Figure 1: Proportion of Anglican Australians and their religiosity by year
Source: Australian Election Studies; Australian Bureau of Statistics. Note: The AES typically slightly over-samples Anglicans relative to Census data. Years in square brackets are the Census year, plotted against the closest AES year. Other Census points are plotted against the correct year.

Obvious is that the underlying base of Devouts has remained fairly stable over the years. But both Notionals and Occasionals have voted with their feet, and are no longer even willing to say that they’re “cultural” Anglicans. They’ve abandoned the church.

“Naughty” versus “real” Anglicans

Curiously, article author Ms Taylor asked my colleague and national coordinator of Christians Supporting Choice for Voluntary Assisted Dying, Mr Ian Wood, whether it was possible that the overall opinion of Anglicans was swayed by those who are not church-goers. Naturally, Mr Wood agreed it was a possibility.

But the very asking of the question raises a thorny issue for Ms Taylor and the Anglican church. It implies that Anglicans who don’t attend church are “lesser” Anglicans, or somehow misguided or “naughty” Anglicans. Not “real” Anglicans.

But if you say you represent Anglicans, who are you actually representing? More on that later.

Yes, opinions do vary

Prof. Dorothy Lee says there’s “a diversity of opinion among Anglicans”, while claiming most oppose VAD. So, let’s compare “naughty” with “real” Anglicans, using high-quality Australian Election Study 2019 data.

Figure 2 shows that hardly any Anglican Notionals oppose VAD (3%). Small minorities of Occasionals (13%) and Regulars (12%) also oppose VAD.

Figure 2: Attitudes of Australian Anglicans toward VAD, by religiosity
Source: Australian Election Study 2019

But even amongst Devouts (attend weekly or more often), a minority (41%) oppose VAD, and close to half (49%) think VAD should be lawful. Does this make half of Devout Anglicans “naughty” too?

To be sure, it’s important to point out that by the time the AES 2019 data set is drilled down to just Anglicans and their religiosity sub-groups, there is a somewhat higher degree of uncertainty in the exact percentages. Nevertheless, major differences are real and important.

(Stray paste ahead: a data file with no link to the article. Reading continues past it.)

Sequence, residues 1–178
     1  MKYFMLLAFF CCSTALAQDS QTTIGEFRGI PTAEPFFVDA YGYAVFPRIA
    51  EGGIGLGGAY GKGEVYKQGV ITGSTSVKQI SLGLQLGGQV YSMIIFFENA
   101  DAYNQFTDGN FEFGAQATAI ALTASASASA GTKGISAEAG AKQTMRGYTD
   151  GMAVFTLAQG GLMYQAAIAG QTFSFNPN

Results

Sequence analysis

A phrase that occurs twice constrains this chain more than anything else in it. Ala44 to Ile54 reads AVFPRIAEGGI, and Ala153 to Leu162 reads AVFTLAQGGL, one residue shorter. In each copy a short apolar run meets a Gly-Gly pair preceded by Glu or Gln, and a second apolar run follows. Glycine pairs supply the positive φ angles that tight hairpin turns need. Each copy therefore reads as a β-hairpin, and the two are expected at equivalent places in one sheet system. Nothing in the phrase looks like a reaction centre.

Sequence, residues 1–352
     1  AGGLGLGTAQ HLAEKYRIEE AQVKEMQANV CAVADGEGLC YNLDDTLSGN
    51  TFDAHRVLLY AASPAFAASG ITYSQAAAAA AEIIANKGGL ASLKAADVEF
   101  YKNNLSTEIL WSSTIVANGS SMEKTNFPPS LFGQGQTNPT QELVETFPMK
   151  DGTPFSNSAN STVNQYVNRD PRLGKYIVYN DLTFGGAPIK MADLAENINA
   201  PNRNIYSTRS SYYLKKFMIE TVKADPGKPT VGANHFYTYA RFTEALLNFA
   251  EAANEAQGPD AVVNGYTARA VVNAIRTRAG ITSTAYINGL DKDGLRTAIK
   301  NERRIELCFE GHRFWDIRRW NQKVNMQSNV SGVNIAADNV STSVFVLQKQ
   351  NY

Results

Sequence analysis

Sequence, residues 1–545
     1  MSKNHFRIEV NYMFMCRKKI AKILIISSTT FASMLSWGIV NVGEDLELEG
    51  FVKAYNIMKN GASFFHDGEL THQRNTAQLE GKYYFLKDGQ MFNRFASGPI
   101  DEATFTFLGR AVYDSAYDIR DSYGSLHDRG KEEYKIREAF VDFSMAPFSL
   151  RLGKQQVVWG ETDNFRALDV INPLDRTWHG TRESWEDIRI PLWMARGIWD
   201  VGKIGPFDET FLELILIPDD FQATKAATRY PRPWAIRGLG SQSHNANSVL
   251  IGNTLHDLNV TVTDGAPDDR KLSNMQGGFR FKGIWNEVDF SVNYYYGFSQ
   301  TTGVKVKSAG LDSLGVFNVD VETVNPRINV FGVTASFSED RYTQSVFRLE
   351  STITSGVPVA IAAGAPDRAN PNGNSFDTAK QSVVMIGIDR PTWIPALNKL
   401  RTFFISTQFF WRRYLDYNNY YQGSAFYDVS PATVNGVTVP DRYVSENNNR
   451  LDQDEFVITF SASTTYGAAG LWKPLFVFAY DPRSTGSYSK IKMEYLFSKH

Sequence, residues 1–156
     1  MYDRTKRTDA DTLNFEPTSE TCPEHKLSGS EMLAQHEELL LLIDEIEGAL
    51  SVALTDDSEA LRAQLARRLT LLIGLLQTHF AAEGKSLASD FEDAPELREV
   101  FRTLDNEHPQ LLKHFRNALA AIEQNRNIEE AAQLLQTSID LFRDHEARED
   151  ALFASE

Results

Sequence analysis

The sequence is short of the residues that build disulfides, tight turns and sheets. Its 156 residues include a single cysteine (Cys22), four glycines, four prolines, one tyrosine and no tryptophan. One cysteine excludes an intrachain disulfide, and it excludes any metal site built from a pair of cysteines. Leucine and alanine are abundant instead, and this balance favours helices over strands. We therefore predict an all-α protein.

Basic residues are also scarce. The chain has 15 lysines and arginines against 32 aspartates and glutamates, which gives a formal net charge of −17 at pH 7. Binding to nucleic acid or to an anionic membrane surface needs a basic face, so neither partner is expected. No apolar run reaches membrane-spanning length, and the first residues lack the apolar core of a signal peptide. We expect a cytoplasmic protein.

And all of it is at odds with Prof. Lee’s contention that most Australian Anglicans (“real” or otherwise), oppose VAD.

Are the “masters” listening?

Despite this, religious “masters” within the Anglican church still strongly oppose lawful VAD with an active and hostile policy stance, recently re-confirmed.

It turns out that Prof. Lee is in fact one of those masters. She’s a member of the church’s Doctrine Commission.

And therein lies the rub. While some “masters” confidently opine that a policy consistent with their own personal view should prevail over the real views of most members, the members vote with their feet. They leave.

How is it that “masters” can be so profoundly disconnected from their flocks? It seems to suggest one or both of two things: firstly, that such folks only “hear” the views of those who agree, or secondly, that they fail to engender a communion in which people feel safe to express differences of opinion, including against “official” policy.

Good for the goose, good for the gander

If the Anglican church wants to “dismiss” the opinion of Notional Anglicans as not being “properly” Anglican, then it is equally valid for the government to reduce overall funding for Anglican schools, etc, by 42% from current levels. That’s the proportion of Anglicans who are Notionals in 2019 (Australian Election Study).

To bias the ‘measure’ of one’s base up or down purely on a desired ideological outcome is incoherent and invites derision. And unintended consequences.


By maintaining an actively hostile policy stance toward VAD, Australia’s Anglican church masters seem to suggest that their own opinions are more important than openly encouraging and seeking the real and diverse views of its congregation, and representing them.

Masters may argue that doctrinal purity is paramount. Society will counter-argue that the masters are representing fewer and fewer, recently becoming hardly any, real Australians.

Without doctrinal reform that in practice respects — not just cynically notes — a diversity of views, watch the exodus continue.